Police have been accused of racially profiling Pasifika churchgoers, to find unlicensed drivers, reports Donna-Lee Biddle for Stuff. They’ve found quite a few as well, and rather than issuing fines are offering free licensing courses instead. But some parishioners are terrified, and are staying away from church as a result – after all, many Pacific Islanders have had negative interactions with police throughout New Zealand’s history. In a tweet, Auckland councillor Efeso Collins said it was like a return of the dawn raids. “Won’t be long then cops will be accompanied by immigration officials. This is racial profiling.”
World oil demand is expected to keep growing for decades, reports One News. It is being put down to a range of factors, including increasing air travel and plastic use, and the extreme swing in consumer car markets towards SUVs. All of this is going to have tragic and terrifying impacts for the climate, with emissions continuing to climb. Speaking about those SUVs, my personal view is that banning their import would be among the lowest hanging fruit the government could pick to actually lower emissions, without having any effect whatsoever on anyone’s quality of life – in fact it would probably have net benefits for cities to have fewer on the road.
This is an incredibly detailed story about a developing relationship between the Tairawhiti region and the Republic of Ireland, from the Gisborne Herald. In particular focus is the possibility of developing a more thriving tech industry in the region, in the manner that Ireland managed several decades ago. There’s a lot of optimism about that – perhaps to a slightly overblown degree given the various geographic and infrastructural challenges. But who knows, there are also some quality of life advantages for the place that could really help it take off.
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Right now on The Spinoff: Paul Winstanley writes about the need to reimagine Auckland’s waterfront, whether or not that includes a stadium. Sunfed founder Shama Sukul Lee writes about the powerful political and industrial lobbying to ban words like ‘milk’ for products like soy milk. Catherine Woulfe has a wonderful piece about the perspective that comes with the birth of a second child, after a tough time with the first. Amy Russell writes about the freedom that comes with no longer shaving her legs.
And just a quick plug here: The Bulletin World Weekly is normally a members-only publication, but just this once we’ve put it up on the site so you can get a sense of it. This week’s issue looks at the aftermath of Bolivia’s President being forced from office, and what is likely to come next, along with other important stories from around the world. If you want to get it in your inbox every Thursday, sign up for The Spinoff Members here.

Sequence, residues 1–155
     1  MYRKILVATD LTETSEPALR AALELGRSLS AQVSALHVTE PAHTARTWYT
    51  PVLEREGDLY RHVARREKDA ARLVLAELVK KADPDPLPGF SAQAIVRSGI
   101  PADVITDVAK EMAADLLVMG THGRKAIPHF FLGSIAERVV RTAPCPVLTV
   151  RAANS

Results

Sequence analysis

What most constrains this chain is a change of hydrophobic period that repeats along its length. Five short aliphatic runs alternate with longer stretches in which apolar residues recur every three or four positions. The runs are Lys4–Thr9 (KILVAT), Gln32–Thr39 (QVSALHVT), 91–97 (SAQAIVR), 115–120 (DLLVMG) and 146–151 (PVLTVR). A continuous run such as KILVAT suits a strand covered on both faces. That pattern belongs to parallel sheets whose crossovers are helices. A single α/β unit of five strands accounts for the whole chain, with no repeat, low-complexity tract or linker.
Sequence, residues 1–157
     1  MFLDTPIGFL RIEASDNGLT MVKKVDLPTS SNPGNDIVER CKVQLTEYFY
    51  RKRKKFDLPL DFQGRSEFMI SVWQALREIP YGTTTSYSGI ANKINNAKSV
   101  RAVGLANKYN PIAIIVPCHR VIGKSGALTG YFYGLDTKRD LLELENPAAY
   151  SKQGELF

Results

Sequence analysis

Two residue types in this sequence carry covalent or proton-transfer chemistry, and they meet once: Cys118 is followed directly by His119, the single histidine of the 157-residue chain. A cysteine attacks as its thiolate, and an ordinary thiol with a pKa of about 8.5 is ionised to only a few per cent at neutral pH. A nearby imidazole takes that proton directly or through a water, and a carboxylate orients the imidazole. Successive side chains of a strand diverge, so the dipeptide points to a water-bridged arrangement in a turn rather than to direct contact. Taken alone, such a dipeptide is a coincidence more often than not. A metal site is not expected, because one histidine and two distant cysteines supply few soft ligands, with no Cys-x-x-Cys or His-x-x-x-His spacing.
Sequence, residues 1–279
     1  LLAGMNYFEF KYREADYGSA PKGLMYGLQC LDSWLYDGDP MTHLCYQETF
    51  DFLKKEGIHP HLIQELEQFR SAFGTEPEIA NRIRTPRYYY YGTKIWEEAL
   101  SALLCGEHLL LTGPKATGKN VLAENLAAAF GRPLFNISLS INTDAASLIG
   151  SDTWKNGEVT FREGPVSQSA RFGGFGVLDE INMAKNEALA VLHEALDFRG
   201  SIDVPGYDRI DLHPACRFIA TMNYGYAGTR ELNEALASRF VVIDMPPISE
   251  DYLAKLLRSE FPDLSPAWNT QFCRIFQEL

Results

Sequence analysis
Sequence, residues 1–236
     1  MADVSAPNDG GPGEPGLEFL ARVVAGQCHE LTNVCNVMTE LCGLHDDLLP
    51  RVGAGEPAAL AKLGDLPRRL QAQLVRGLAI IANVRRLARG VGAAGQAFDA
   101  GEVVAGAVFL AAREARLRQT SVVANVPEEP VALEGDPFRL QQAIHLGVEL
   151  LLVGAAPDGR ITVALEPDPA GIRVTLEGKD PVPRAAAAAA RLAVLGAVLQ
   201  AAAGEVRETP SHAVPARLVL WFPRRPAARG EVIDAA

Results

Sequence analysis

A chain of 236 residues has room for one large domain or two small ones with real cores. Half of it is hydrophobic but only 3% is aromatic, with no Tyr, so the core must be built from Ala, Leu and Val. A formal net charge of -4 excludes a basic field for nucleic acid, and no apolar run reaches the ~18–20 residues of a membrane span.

For a feature today, a long interview with the author of a new book on the leaky home crisis. Conducted by Mike White at North and South, it allows Rottenomics author Peter Dyer the chance to really draw the connections between houses starting to let in water, and wider changes in economics, politics and society. Here’s an excerpt:
While Dyer describes it as a perfect storm (“It’s a hell of a cliche, but it seems to fit”), he’s quick to point out the scandal was the result of conscious decisions taken in the name of efficiency and cost saving, leaving thousands of buildings simply doomed to rot.
“It was 100% preventable. We did it. We caused it. We brought it on ourselves. It wasn’t an act of nature – unless you consider ordinary rainfall in New Zealand an unusual act of nature. And nobody really thought, ‘If we turn the building industry loose, it might not work out so well.’ It was just a leap of faith – faith that they would make things better.”
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The All Whites haven’t had much football at all recently, but they’re back in action this morning. They’ll be playing against Ireland, in their first match for more than a year. Also coming off a long hiatus is Winston Reid, who Stuff reports has been dogged by injuries. It’ll be the first game in charge for manager Danny Hay, who probably has a fair bit of goodwill built up from his apprenticeship with the U-17s, and will get a long run in the job as a result.
This could be a good boost for a whole lot of more obscure sports. The NZ Herald reports Sky Sport is going to be launching a new platform called Next, alongside 50 sports that will now have their games shown. According to the NZX announcement of the platform, there will be a focus on Olympic pathway sports, and programming will be balanced between men’s and women’s sport. There will also be more out-there codes like Ultimate (played with a frisbee) getting a bit of attention on the platform.
Finally, Paul Coll has marched on at the World Squash Champs. He’s now in the final, which will be played at 3.30am tomorrow morning on Sky, against world No.2 Tarek Momen from Egypt.
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The Spinoff Weekly compiles the best stories of the week – an essential guide to modern life in New Zealand, emailed out on Monday evenings.